An echocardiogram is a test that uses sound waves to create pictures of the heart. The picture and information it produces is more detailed than a standard x-ray image. An echocardiogram does not expose you to radiation.
How the Test is Performed
TRANSTHORACIC ECHOCARDIOGRAM (TTE)
TTE is the type of echocardiogram that most people will have.
- A trained sonographer performs the test. A heart doctor (cardiologist) interprets the results.
- An instrument called a transducer is placed on various locations on your chest and upper abdomen and directed toward the heart. This device releases high-frequency sound waves.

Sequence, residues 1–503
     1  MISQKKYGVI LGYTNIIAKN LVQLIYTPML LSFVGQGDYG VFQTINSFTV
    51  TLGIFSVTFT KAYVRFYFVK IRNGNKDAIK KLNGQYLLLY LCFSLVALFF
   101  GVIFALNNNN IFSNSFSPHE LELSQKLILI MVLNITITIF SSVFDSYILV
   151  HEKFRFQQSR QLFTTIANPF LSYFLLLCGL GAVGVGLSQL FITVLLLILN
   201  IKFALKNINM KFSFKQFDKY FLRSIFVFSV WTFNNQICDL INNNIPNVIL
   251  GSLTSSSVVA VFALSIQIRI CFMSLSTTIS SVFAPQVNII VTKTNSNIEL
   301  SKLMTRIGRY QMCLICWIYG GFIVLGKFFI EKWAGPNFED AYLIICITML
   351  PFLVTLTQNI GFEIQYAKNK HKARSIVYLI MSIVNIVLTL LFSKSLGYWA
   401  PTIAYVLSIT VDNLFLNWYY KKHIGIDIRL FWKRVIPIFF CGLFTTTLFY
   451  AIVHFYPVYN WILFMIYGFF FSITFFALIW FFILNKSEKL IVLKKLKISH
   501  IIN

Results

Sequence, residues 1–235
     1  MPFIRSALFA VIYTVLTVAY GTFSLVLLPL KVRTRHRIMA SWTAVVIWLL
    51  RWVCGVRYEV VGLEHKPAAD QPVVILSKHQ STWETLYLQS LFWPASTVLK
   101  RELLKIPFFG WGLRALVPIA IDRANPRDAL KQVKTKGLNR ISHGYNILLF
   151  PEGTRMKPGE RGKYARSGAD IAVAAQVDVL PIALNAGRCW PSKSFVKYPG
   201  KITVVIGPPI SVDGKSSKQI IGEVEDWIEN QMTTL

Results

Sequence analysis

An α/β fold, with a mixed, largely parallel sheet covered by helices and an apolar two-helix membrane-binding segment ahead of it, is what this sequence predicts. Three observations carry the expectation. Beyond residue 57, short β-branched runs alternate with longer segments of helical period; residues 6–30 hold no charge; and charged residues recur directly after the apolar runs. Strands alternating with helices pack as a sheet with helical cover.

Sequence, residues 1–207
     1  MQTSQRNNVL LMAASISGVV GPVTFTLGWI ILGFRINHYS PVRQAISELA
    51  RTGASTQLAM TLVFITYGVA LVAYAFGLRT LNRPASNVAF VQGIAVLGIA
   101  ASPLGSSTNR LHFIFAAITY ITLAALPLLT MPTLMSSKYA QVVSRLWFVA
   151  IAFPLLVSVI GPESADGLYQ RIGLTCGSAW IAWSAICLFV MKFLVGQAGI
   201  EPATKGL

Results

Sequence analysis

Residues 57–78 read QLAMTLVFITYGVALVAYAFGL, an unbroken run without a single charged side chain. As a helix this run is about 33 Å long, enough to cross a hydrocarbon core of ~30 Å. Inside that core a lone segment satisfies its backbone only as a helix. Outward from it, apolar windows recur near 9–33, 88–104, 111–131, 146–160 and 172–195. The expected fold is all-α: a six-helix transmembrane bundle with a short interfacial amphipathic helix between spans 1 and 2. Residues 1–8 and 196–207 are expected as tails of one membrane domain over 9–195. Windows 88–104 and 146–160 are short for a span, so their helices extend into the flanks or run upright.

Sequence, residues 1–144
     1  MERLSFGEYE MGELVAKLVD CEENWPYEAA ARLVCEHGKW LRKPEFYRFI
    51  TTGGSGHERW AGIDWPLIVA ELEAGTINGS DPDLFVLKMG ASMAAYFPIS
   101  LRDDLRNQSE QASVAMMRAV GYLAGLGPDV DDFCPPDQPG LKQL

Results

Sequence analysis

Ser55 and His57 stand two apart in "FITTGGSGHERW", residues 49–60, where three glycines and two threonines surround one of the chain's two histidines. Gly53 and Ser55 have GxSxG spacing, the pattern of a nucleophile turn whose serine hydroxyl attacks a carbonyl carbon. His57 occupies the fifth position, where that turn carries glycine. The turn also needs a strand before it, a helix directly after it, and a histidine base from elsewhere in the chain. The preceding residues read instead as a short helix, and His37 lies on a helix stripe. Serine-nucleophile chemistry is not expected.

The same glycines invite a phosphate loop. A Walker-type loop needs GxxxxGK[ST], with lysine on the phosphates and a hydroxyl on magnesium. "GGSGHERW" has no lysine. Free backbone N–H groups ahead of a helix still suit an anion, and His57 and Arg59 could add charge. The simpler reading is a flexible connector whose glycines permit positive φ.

- The transducer picks up the echoes of sound waves and transmits them as electrical impulses. The echocardiography machine converts these impulses into moving pictures of the heart. Still pictures are also taken.
- Pictures can be two-dimensional or three-dimensional. The type of picture will depend on the part of the heart being evaluated and the type of machine.
- A Doppler echocardiogram evaluates the motion of blood through the heart.
An echocardiogram shows the heart while it is beating. It also shows the heart valves and other structures.
In some cases, your lungs, ribs, or body tissue may prevent the sound waves and echoes from providing a clear picture of heart function. If this is a problem, the health care provider may inject a small amount of liquid (contrast) through an IV to better see the inside of the heart.
Rarely, more invasive testing using special echocardiography probes may be needed.